Most Important Packers: No. 7 — Jermichael Finley

Green Bay Packers beat writer Paul Imig will be analyzing the 25 most important players to the Packers’ success in the 2013 season. Check back each day to see the latest player on the list.

Note: This is not a list of the team’s 25 best players or a series about past success, but rather which of them means the most to how Green Bay will fare this year. Criteria such as depth at that player’s position, general expectations and overall importance of that player having a good season are all highly considered.



26 / Sixth NFL season


Even as Jermichael Finley approaches his sixth year in the NFL, there’s some good, some bad and still a couple question marks.

The good qualities that Finley offers to the Green Bay Packers begin with his elite athleticism and size at the tight end position. He’s the perfect type of target that a quarterback wants to look for in the middle of the field. Last season, Finley had more catches (61) than any tight end in franchise history. Yes, the NFL has evolved into more of a passing league, so records like that are going to be broken sooner or later. But that shouldn’t diminish the value that Finley added by accounting for one out of every six completions thrown by Aaron Rodgers.

Most of the bad aspects of Finley’s game are things that can be corrected. It’s important to note that a couple of those negatives appear to be on the verge of actually being corrected. The 12 dropped passes that plagued Finley’s 2011 season fell to nine drops last season. Plus, over the final 10 games (playoffs included) in 2012, Finley dropped only two passes, and that was out of 50 targets. Finley also seems to be working on becoming a better teammate in the locker room. In recent years, when Finley felt there was a lack of chemistry with Rodgers, he had no hesitation in sharing his feelings. It’s still early, but Finley is making an effort to no longer do that. Finley has struggled as a run-blocker, and that has not improved much over the years.

The question marks with Finley mostly involve how big of a factor he can consistently be for the Packers. With Greg Jennings and Donald Driver gone, Finley should have the opportunities to be one of Green Bay’s leading receivers. For that to happen, he’ll need to keep his drops at the rate in which he concluded last season and be on the same page with Rodgers.


Part of the reason for Finley being No. 7 on this list is because he has met (or has come close to meeting) relatively high expectations in recent seasons. If the expectation is for Finley to be the best tight end in the NFL, no, he’s not done that. And, no, it’s unlikely that coach Mike McCarthy will ever plan the offense around him again in the same way he sometimes did before Finley’s knee injury in 2010. But, if it’s a more realistic expectation that includes Finley’s drops decreasing and his receptions increasing, that will probably happen.

Finley is in the last year of his current contract and will try to show the Packers — and every other team in the NFL — that he’s worth a big payday next offseason. Though Finley has already played five years in the league, he’s still only going to be 26 when he signs a new deal after this season.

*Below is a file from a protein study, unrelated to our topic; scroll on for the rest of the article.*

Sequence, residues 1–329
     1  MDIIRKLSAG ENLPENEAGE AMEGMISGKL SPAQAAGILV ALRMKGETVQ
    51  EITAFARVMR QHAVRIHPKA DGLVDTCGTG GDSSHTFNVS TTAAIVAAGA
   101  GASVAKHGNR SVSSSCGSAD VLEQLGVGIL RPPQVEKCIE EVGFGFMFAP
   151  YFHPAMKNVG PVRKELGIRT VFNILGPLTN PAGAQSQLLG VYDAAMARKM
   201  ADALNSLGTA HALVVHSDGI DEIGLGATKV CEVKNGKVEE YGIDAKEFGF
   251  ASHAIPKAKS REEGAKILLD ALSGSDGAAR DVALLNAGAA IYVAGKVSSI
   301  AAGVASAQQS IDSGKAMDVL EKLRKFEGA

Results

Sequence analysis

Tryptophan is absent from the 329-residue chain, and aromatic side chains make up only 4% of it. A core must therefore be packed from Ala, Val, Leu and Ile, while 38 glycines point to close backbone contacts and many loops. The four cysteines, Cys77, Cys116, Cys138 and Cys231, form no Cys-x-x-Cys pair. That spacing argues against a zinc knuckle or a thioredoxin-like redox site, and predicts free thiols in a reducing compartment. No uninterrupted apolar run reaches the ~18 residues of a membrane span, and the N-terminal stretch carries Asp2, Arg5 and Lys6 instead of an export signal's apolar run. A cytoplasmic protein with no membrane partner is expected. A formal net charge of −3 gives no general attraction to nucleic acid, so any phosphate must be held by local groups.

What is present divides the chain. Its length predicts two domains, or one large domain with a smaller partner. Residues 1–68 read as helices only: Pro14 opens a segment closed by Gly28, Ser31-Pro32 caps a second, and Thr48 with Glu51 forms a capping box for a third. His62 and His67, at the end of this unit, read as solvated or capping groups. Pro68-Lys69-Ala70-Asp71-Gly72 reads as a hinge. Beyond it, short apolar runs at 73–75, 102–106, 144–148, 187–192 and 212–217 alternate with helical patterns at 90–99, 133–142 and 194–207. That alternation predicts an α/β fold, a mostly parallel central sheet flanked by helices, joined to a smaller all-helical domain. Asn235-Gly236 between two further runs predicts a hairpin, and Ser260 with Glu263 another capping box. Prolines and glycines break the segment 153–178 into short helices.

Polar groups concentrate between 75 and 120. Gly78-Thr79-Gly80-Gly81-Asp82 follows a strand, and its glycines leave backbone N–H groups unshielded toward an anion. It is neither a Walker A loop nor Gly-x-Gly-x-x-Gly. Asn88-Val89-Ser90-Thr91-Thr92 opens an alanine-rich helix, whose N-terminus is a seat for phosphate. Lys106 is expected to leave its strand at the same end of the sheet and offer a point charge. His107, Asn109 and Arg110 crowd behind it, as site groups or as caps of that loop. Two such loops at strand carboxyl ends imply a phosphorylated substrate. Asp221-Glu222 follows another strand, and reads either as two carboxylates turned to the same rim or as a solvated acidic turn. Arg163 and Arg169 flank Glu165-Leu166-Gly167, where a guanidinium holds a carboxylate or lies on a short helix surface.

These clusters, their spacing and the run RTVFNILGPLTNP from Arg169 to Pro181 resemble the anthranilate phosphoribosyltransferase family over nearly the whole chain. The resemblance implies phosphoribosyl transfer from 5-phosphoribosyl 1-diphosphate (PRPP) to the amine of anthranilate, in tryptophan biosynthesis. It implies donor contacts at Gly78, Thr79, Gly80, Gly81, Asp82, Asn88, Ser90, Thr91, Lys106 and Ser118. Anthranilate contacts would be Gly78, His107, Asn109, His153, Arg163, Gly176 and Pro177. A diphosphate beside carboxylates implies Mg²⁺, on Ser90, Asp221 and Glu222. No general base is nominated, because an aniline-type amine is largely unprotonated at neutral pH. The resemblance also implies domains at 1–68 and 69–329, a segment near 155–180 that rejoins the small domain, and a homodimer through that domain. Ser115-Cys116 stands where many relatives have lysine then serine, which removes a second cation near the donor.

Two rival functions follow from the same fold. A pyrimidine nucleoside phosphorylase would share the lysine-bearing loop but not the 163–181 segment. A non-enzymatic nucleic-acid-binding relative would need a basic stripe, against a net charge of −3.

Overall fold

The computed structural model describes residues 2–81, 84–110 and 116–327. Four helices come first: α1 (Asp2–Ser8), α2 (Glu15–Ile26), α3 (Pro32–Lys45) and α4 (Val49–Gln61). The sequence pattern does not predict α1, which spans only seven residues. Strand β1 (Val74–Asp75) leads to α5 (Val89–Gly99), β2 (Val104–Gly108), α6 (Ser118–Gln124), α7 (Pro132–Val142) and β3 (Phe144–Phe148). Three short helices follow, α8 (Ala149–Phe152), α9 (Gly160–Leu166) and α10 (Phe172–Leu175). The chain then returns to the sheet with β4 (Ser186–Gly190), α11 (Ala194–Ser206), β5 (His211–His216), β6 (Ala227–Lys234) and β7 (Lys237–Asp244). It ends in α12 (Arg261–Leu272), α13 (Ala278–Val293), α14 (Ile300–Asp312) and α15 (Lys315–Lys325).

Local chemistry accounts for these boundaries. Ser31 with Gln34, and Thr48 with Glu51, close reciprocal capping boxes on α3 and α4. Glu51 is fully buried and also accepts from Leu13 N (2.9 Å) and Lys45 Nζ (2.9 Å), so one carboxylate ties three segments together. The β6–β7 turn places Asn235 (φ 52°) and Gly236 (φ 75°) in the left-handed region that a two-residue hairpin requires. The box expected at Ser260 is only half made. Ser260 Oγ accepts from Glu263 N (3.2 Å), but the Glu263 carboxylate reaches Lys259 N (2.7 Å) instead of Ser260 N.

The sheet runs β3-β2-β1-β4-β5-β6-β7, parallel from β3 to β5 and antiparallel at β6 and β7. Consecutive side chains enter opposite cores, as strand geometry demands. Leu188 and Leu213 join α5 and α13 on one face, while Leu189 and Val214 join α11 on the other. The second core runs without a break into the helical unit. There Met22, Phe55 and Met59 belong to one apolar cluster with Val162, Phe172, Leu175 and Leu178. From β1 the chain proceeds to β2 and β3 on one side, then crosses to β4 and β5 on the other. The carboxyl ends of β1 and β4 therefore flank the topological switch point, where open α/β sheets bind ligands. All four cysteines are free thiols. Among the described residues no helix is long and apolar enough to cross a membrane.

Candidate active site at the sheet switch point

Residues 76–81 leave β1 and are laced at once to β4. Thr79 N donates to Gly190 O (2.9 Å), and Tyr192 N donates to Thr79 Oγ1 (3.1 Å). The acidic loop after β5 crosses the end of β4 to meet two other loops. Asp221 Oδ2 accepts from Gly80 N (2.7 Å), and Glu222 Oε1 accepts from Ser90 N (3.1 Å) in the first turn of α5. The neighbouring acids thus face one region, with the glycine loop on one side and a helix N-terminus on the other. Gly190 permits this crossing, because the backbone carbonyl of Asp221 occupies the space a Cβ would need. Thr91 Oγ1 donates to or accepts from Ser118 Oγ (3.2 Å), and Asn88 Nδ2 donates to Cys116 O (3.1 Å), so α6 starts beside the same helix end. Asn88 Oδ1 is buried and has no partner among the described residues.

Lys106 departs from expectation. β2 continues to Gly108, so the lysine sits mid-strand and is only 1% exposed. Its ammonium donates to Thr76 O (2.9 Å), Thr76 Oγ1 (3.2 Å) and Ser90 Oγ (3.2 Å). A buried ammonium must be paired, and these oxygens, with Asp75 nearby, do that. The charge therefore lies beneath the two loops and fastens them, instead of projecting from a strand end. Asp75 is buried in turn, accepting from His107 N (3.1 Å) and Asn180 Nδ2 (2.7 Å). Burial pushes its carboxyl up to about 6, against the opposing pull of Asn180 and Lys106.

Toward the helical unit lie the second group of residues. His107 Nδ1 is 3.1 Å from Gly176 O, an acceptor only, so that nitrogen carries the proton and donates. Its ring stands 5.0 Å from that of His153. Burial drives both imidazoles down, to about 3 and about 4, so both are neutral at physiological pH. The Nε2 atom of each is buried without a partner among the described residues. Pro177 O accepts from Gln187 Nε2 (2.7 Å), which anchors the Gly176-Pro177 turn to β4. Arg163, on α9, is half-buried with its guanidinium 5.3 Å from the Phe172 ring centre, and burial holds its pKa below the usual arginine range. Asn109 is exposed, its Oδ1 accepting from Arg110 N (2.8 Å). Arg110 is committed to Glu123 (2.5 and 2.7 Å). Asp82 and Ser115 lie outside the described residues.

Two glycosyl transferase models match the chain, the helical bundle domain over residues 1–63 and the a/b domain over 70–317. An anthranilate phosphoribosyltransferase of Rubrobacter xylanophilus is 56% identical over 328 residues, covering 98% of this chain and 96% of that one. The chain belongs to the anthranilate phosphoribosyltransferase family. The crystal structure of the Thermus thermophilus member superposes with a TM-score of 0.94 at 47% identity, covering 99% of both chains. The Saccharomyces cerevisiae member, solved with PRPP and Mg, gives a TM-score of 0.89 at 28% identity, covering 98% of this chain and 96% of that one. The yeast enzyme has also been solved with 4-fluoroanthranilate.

It will be very important for the Packers that Finley can perform at a high level in 2013. His record-breaking number of catches last season was a positive for Green Bay’s offense, but Finley will be expected to have far more than the two touchdowns he did in 2012. As a fair comparison, Finley had eight touchdown catches in 2011. Finley also needs to have fewer drops and block well enough in the running game that he can stay on the field for more snaps.


The group of tight ends behind Finley is an interesting collection of talent.

Andrew Quarless missed the entire 2012 season with a knee injury, but what he brings to the Packers’ offense is most similar to what Finley does well. Quarless, who is now completely medically cleared, is a big body who can catch passes down the middle of the field. He’s not a great run-blocker, but he typically performs better in that area than Finley.

D.J. Williams is undersized for the position at 6-foot-2, but he was college football’s top tight end in 2010. In many training camp practices over the past two seasons, Williams often showed why he won the John Mackey Award by displaying impressive pass-catching abilities.

Matthew Mulligan was added this offseason to replace Tom Crabtree. Mulligan is a terrific run-blocker who understands and accepts his role. He may only catch three passes all season, but don’t be surprised when Green Bay’s running game efficiency improves with him on the field.

Ryan Taylor will likely continue his role as a special teams player who sometimes gets on the field on offense as a run-blocker.

While those four tight ends are all good players, none of them are quite at Finley’s level. That’s why Finley has great value to the Packers and will be a major factor in how their season plays out.

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